- Essential to the mission is to create a community where people encounter God
- Congregations that involved children in worship were more likely to experience significant growth -- congregations that did not were much more likely to experience decline
There is a strong relationship between growth and the sense that the congregation is “spiritually vital and alive. And that it is welcoming and hospitable.
Congregations that grow do more than say they are welcoming and hospitable. They live those things out in very intentional ways.
- They engage in a variety of recruitment-related activities (special events, community gatherings, bring a friend Sundays, etc)
- Attendees tell others about their congregation
- They make themselves more visible through various forms of advertising
There is one programmatic activity that is most strongly related to growth -- establishing or maintaining a web site for the congregation Congregations that have started or maintained a web site in the past year are most likely to grow.
This last piece, and moving beyond it into using social networking, is crucial. It is not a fad (or only for the young -- the fastest growing segment on facebook is 55-65 year old females).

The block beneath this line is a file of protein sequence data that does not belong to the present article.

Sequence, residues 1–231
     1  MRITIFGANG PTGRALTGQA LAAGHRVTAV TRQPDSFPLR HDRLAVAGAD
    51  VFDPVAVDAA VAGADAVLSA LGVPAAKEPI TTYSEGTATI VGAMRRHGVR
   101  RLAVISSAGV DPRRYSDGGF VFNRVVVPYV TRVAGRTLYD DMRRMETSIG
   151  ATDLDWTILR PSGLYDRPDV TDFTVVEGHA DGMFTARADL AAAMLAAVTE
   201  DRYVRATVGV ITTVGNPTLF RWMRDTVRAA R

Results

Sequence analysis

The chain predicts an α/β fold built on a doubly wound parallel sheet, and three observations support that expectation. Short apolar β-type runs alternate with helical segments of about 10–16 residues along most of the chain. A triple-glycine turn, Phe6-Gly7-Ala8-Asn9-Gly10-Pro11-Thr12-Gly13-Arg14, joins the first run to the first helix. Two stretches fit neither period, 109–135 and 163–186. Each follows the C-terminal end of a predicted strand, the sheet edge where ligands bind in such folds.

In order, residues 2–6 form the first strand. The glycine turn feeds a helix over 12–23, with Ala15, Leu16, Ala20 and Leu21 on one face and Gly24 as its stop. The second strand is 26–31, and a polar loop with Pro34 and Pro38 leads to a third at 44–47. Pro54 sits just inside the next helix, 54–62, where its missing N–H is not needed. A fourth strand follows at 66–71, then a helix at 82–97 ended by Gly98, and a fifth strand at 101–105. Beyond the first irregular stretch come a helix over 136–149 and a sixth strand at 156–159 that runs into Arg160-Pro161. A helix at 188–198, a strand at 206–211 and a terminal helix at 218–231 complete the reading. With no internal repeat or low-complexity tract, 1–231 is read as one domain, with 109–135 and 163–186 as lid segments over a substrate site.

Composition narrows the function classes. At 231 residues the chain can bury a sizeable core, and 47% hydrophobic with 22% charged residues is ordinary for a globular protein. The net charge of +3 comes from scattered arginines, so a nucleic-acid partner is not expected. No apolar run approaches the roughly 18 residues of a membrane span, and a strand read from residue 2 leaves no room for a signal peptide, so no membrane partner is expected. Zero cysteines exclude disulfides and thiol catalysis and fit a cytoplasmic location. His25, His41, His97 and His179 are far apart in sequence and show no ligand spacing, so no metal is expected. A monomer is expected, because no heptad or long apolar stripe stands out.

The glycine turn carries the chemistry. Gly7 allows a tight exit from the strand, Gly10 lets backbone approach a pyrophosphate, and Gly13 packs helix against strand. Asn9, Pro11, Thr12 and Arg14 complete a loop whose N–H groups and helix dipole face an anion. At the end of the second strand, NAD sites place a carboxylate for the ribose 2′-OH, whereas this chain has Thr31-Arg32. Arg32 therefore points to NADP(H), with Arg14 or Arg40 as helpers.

So the third part of this modest proposal is to learn to be more mission-centric and people oriented. Why are we here and how do we let know others that we'd be happy to have them join with us? In a word, we need to think like a missional church.
Below is a list of some of the resources I've used in helping me prepare these thoughts. And some sites about the missional church movement.
Tomorrow is the first of my Friendly specifics.
Tuesday, September 21, 2010
The research shows that vital congregations share (across denominational/faith lines) certain characteristics.
- Vital congregations help people grow spiritually. - -They focus on the long-term development of the ministry of the entire congregation (spiritual development and providing ministry opportunities).
- Vital congregations encourage participation. -- They move people into meaningful ministry roles. They ask attendees what they feel passionate about and what they see as their ministry. They identify what types of new people the congregation attracts (e.g., returnees, switchers). They ask new people what made the congregation attractive to them. They create small group experiences, such as prayer or study groups.
- Vital congregations offer meaningful worship experiences. -- They evaluate current worship service for vitality and involvement (by all age groups).
- Vital congregations welcome new people. -- They increase the visibility of the congregation in the community (e.g., Web site, Twitter, paid newspaper and telephone book ads, good outdoor signage, participation in community events). They encourage members to invite others and give them the tools to invite effectively (e.g. Bring a Friend Sundays, special events). They identify and make personal and telephone follow-up contact with all visitors, especially first time worship visitors. They offer a group for new attendees.
- Vital congregations commit to a positive future. --They identify congregational strengths and ask how the congregation can optimize and leverage these strengths? They evaluate current congregation organization and committee structure and then minimize the number of maintenance committees. They create ministry teams (worship, education, outreach) instead of standing committees.